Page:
MIAMI (CBSMiami) – Martha Baker received the phone call around 10 a.m. Friday from an administrator at Jackson Memorial Hospital notifying her the hospital would soon be announcing furloughs and pay cuts.
“`Martha, we’re just gonna go forward with furloughs. No more talking,’” Baker recalled the official telling her.
Baker, the president of SEIU 1991, which represents more than 5,000 health care employees including nurses and doctors, was dumbfounded.
“Why would you do that at a time when we’re preparing for battle with this COVID virus?” she told CBS Miami.
Baker wasn’t the only one caught off guard. Joe Arriola, the chairman of the Public Health Trust which oversees Jackson, was also not told in advance of the decision made by Carlos Migoya, president of Jackson Health System, and hospital’s Chief Financial Officer, Mark Knight.
According to Baker and two other sources, Migoya and Knight initially planned on furloughing nurses and doctors in units that do not directly treat COVID patients.
When Arriola was notified of the plan, it prompted a heated phone call between Migoya and Arriola that quickly degenerated into a shouting match between the two men.
Members of the county commission, who were also left in the dark, reacted angrily as well, saying if the hospital was having financial problems they could have come to the county for assistance and that this was the wrong time to lay off hospital workers.
By late Friday afternoon, Migoya issued a hastily drafted email to employees announcing nurses and doctors would not be laid off – although other actions are being taken to affect them. According to Baker some employees are being forced to use up their vacation time over the next few weeks.
In his Friday email to employees, Migoya scrambled to say the cuts were necessary, citing the financial burden the hospital is sustaining because of the coronavirus.
“We must also ensure that Jackson can pay its employees and other bills during the coming months of emergency and in its aftermath,” Migoya wrote. “Our revenues have been devastated by the cancelation of so much non-emergency patient care, and it’s not clear when federal relief dollars will arrive or whether they will fill the gap.”
“This has forced us to make agonizing decisions in order to keep Jackson alive,” he added. He announced that the executive team would take a 20 percent pay cut (Migoya makes approximately $900,000 a year) and managers would take a 10 percent pay cut.
“I think they got it backwards,” Baker said. “I think we have to put the financial crisis on the back burner and focus on the health care crisis. And then we have to lean hard on our local, state and federal government, especially with stimulus packages, to restore this economy that’s been so stressed by this once in a 100-year flu epidemic.”
Baker said this is an unnecessary distraction for the workers who are putting their lives on the line.
“We’re climbing,” Baker said, referring to the number of cases entering the hospital. “We’re in the climb. We have no idea how high we’re going to climb. We don’t know if and when we’re going to level off. Hopefully, we do. But we’ve got to prepare for the worst and hope for the best. This is no time to be taking newborn ICU nurses and tell half of them to go home. We need to be training them to be hands-on deck. We can’t disappoint this community. There’s going to be no redo on this.”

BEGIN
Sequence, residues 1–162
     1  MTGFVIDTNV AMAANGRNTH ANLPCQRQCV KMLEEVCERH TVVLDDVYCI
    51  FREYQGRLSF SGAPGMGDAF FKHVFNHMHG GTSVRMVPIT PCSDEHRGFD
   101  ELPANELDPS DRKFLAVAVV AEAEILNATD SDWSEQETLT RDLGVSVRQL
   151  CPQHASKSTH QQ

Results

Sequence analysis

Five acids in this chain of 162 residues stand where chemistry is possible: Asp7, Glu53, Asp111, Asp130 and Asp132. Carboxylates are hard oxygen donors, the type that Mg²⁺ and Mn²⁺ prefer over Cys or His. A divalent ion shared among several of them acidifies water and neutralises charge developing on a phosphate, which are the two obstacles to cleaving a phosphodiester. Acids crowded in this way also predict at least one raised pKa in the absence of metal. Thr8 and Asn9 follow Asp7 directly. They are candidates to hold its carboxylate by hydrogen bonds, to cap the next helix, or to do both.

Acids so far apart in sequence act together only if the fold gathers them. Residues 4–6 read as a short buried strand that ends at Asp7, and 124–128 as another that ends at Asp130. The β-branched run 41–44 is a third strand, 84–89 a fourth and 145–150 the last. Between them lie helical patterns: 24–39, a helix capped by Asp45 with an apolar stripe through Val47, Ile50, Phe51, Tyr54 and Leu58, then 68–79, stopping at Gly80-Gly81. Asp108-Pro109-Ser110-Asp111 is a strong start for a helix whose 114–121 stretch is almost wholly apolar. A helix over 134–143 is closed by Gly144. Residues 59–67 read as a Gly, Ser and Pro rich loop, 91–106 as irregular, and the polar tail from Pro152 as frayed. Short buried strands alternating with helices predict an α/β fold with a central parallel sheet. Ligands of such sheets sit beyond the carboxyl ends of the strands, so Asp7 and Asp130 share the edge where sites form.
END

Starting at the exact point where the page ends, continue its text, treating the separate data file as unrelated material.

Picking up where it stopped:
Baker added: “There’s plenty of work, I believe, for everyone.”
She described the actions of the hospital as “despicable,” noting that Migoya’s announcement came exactly one week after an ICU nurse Araceli Ilagan died after contracting the virus.
“And for people to feel like we’re just another number, that Celi can die and that’s OK,” Baker said. “And then we’re gonna go on to, you know, if we get this three-week lull, let’s send some nurses and newborn ICU home. Let’s send some social workers at home. We don’t really need the people in billing. You know, let’s just send them home. And then in three weeks, when we need them all back, when we’re hoping with COVID patients, we’ll bring them all back. Why wouldn’t you say let’s figure out a way we can put them all to work right now?”
“Maybe some people do want some time before the storm hits,” she continued. “You know, let people rest up, spend some time with their families before they go into the trenches of every patient on their floor is gonna be COVID. You know, I think we could with volunteerism have people taken some time off?”
In a press release issued Monday, Rene Sanchez, president of AFSCME Local 1363, also decried the planned furloughs.
“This adds insult to injury,” said Sanchez. “Our members are receiving a 40 percent pay cut while managers and executives at the top are only losing 10 percent to 20 percent. This is completely unacceptable. Our employees are some of the lowest-paid but are being asked to sacrifice the most.”
Sanchez represents all health care technicians, LPNs, Practical Nurses, Respiratory Therapists, Nutritional Services, Transporters, Medical Assistants, Environmental Workers, Security, Finance, Engineering workers and all other supportive services.
Sanchez also complained the hospital is failing to provide the necessary protective equipment.
“Our members are being directed to clean rooms and care for COVID positive patients without proper protection,” said Sanchez. “In the midst of this pandemic our front-line workers are putting their lives at risk unnecessarily and it needs to end now.”
Sanchez said three members of Local 1363 have tested positive for COVID.
Added Baker: “I guess in rough times you learn how do people lead? And this is embarrassing that this is how our leadership team is choosing to lead.”’
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